The Trump administration is exploring holding children caught crossing the border on military bases, signaling the latest effort to move forward with plans to split up families who cross the border illegally.
According to a Defense Department official, staffers from the Department of Health and Human Services have begun informally looking at three sites in Texas and one in Little Rock, Arkansas. No official request has been submitted.
The official said Defense Department facilities had been used in this manner before, including during the Obama administration. If the facilities are to be used for such a purpose, HHS must assure the Pentagon there will be no impact on the military’s readiness or training efforts and must reimburse the Defense Department, the official said.
The Washington Post previously reported the news. According to its report, an email sent to Pentagon staff characterized the site visits as a preliminary assessment, stating that “no decisions have been made at this time.”
The Administration for Children and Families at HHS responded with a statement that said in part: “The Office of Refugee Resettlement at HHS’ Administration for Children and Families is responsible and required to care for minors who are in the country illegally without a parent or guardian. Operating this program requires routinely evaluating the needs and capacity of an existing network of approximately 100 shelters in 14 states. Additional properties with existing infrastructure are routinely being identified and evaluated by federal agencies as potential locations for temporary sheltering.”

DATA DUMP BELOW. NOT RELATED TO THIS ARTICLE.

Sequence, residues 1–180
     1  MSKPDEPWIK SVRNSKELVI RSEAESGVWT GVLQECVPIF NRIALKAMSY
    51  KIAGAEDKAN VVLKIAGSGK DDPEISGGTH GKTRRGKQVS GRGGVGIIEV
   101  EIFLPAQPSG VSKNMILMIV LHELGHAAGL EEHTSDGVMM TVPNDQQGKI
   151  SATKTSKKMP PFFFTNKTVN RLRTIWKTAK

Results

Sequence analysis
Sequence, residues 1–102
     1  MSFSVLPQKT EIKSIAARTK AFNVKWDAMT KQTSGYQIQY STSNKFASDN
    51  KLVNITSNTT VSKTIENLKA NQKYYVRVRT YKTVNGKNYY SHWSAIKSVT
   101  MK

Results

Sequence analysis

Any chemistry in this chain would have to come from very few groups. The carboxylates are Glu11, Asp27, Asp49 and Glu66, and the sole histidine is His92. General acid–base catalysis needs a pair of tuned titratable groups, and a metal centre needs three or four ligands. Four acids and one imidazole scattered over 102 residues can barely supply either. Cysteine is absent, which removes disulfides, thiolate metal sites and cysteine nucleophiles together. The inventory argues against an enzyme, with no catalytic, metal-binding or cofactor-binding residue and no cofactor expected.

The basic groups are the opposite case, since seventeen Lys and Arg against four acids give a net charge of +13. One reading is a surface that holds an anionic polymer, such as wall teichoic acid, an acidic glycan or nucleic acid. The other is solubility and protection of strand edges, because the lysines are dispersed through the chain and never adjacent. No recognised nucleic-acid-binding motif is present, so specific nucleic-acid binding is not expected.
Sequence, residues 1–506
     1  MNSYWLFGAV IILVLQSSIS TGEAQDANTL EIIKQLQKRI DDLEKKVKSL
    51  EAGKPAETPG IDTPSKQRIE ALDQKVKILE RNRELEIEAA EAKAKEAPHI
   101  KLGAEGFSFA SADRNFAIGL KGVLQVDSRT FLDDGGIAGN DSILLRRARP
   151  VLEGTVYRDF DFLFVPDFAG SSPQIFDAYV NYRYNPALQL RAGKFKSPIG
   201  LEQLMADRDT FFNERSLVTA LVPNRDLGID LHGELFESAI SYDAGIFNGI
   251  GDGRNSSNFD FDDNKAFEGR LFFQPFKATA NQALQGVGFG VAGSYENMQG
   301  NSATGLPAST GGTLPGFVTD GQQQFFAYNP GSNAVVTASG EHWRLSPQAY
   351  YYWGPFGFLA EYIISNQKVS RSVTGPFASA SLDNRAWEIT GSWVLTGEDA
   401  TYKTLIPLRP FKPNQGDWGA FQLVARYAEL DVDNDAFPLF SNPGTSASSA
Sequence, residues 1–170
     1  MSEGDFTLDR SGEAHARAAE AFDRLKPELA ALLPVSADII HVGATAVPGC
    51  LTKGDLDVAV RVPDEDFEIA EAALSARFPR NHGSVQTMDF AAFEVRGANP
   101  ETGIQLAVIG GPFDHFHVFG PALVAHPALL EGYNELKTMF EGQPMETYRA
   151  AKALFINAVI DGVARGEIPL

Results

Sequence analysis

The DHS did not immediately respond to a request for comment.
Homeland Security Secretary Kirstjen Nielsen on Tuesday defended an agency policy that will result in more families being separated at the border, saying similar separations happen in the US “every day.”
Nielsen was testifying Tuesday at a Senate Homeland Security and Governmental Affairs Committee hearing, where lawmakers on both sides of the aisle raised concerns about what happens to immigrant children who end up in the custody of the Department of Homeland Security, which — by law — transfers such minors to HHS within two days.
“Our policy is if you break the law, we will prosecute you,” Nielsen said. “You have an option to go to a port of entry and not illegally cross into our country.”